Teck Elk Valley coal mines coronavirus COVID

Teck cuts workforce at Elk Valley operations by 50% in response to coronavirus concerns

Local mayors join workers in their concern about the potential for COVID-19 to spread at the company’s crowded Elkview coal mine

FERNIE, B.C. — Teck Resources is reducing its workforce by 50 per cent at its Elk Valley operations after concerns were raised the company was not doing enough to protect employees and contractors from COVID-19 at its four operating metallurgical coal mines near Fernie, B.C., in the West Kootenays.

Teck, Canada’s largest diversified mining company, employs 3,000 people at its Elk Valley operations and houses out-of-town workers at a 500-person lodge at its Elkview mine site, which is currently undergoing a scheduled upgrade.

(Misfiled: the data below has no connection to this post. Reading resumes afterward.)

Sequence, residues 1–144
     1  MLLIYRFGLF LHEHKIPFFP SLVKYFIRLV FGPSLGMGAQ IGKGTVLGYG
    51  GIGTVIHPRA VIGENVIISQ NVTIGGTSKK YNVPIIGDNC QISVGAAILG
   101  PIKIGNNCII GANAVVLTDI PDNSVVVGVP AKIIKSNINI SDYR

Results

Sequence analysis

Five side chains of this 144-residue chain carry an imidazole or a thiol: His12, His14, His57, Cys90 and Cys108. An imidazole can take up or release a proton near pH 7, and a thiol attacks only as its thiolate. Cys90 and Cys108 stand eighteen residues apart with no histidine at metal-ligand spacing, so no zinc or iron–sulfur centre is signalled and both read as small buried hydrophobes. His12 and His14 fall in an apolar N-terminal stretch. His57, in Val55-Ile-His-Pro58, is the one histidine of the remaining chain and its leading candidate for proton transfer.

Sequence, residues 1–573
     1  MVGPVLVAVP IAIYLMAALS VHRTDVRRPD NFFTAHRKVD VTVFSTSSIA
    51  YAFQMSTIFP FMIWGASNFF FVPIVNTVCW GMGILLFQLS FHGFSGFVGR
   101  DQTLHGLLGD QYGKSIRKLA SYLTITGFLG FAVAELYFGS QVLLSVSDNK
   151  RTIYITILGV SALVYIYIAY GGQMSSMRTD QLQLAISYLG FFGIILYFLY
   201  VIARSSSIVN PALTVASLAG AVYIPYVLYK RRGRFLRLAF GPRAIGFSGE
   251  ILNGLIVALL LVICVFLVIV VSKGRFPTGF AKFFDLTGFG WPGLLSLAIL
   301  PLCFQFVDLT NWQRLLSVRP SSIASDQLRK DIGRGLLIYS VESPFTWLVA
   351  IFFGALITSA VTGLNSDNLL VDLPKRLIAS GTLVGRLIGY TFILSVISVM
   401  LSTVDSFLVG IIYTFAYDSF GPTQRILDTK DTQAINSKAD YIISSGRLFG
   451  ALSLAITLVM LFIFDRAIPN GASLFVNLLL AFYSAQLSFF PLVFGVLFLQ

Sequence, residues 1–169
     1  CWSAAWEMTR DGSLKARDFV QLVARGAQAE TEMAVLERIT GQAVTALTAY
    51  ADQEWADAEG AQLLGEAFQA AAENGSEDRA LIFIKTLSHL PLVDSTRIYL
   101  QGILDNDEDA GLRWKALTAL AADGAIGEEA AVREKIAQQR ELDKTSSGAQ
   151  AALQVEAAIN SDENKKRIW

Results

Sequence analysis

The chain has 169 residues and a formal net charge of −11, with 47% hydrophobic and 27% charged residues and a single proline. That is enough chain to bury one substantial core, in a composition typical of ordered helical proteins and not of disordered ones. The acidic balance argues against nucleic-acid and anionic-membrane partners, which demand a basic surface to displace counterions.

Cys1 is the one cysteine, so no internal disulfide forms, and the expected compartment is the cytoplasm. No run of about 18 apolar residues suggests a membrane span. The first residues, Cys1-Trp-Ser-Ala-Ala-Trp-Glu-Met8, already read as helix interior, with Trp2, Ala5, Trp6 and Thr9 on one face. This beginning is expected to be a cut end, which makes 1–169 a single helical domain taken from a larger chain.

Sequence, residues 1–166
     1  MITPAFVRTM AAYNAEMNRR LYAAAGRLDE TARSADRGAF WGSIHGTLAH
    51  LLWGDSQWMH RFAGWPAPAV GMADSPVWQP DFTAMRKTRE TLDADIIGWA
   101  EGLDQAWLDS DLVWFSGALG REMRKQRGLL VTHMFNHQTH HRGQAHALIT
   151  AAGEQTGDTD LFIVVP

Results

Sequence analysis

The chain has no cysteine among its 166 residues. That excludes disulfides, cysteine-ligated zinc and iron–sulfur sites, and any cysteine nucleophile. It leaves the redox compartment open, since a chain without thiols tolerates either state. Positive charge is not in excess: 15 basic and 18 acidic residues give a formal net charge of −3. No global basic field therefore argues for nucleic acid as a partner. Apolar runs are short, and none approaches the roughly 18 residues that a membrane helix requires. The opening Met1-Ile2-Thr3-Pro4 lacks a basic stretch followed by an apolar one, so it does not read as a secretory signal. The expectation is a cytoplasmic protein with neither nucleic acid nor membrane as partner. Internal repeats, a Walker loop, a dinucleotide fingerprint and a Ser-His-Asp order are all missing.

On Friday, The Narwhal published reports from employees expressing concern about the company’s lack of suitable safety measures in the face of the ongoing COVID-19 crisis. One mine employee, who The Narwhal is choosing not to name for privacy concerns, reported on Facebook that he is infected with COVID-19. Since then, numerous additional workers from Teck mines have contacted The Narwhal to voice their frustrations with a lack of workplace safety, saying the company’s public response measures to the coronavirus differ starkly from the reality on the ground. 

On Sunday, local officials  — including the mayors of Sparwood, Elkford and Fernie — wrote to Teck, stating “the most significant danger of this pandemic reaching our doors is through transient travel that occurs daily in the Elk Valley.”